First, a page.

Noa Deane is drinking screwdrivers. One in each hand. He’s in Hawaii and it’s after Surfer Poll, an event you wouldn’t expect Noa Deane to be at because of the incident (“Fuck the WSL“). But he’s there, lurking at the bar, double-fisting stiff tropical drinks.
He starts talking about front deck grips, ya know, as one does when drinking vodka and orange juice.
“Imagine you’re walking around your house barefoot; would you want one foot on carpet and the other on hardwood?” he implores. Or at least it was something like that. It has been a month or two since the conversation and did I mention screwdrivers?
But Noa had a point. And the rest of the surf world (above-the-lip specialists in particular) seems to be thinking the same thing.
Back in the 1980s, guys like Christian Fletcher began putting deck pads under their front foot in order to properly mimic the aerials done in skateboarding. And for a while the aerial, along with the front deck grip, became somewhat of a novelty, an aversion from the core surfing mold. The “Airshow” became a thing. Traditionalists scoffed. Taylor Knox didn’t bat an eye, continuing on his merry power-surfing way.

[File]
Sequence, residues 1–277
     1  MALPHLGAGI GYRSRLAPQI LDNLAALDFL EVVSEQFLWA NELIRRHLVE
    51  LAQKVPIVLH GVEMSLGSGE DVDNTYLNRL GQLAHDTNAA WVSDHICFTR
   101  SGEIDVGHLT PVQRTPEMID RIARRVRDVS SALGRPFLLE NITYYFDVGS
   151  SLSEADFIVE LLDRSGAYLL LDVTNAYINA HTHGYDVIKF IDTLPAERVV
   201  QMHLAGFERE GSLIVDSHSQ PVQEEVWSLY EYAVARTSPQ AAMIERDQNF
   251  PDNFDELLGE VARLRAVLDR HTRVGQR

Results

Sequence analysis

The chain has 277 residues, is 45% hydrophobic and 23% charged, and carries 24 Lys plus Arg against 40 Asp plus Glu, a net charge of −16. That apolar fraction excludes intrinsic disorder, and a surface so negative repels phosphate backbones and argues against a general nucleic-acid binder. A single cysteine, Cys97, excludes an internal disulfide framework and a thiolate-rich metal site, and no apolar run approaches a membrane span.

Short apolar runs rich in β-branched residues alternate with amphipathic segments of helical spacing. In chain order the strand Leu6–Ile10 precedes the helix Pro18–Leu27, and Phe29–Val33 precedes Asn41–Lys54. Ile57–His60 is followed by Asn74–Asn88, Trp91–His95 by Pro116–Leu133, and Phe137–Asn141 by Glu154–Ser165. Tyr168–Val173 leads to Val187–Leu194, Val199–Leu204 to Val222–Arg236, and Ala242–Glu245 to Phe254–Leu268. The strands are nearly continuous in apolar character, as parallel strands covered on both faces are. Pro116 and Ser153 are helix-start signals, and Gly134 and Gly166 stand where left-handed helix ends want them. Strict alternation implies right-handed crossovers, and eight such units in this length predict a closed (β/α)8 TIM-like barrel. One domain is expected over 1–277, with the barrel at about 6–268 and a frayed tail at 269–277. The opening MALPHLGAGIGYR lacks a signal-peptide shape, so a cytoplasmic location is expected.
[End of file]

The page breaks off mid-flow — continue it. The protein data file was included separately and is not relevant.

Somewhere along the line, however, the aerial became the norm. And since that shift in high-performance surfing, the front deck grip – which allows traction akin to griptape on a skateboard – is making a comeback.
If you watch any edit of contemporary surf royalty, you’re bound to spot a front deck grip or two. From Balaram Stack to Chippa Wilson, it’s becoming a standard. Just the other day at Santa Barbara’s version of the Superbank, I saw East Coast flyboy Cam Richards and South Africa’s Brendon Gibbens both sporting two deck pads. In five years will they be ubiquitous? Not a single board without them? Maybe not. But perhaps.
More than anyone else, Noa Deane continues to be the movement’s main proponent. He regularly rides boards sporting front and back deck pads.
And the day after Surfer Poll, with a lingering hangover throbbing in his skull, Noz launched the punt of the day, possibly the season, out at Rocky Point under the orange glow of sunset. It was a frontside slob with a landing that smacked the lip like a skateboard on metal coping. What allowed such skate-like stickiness? See for yourself.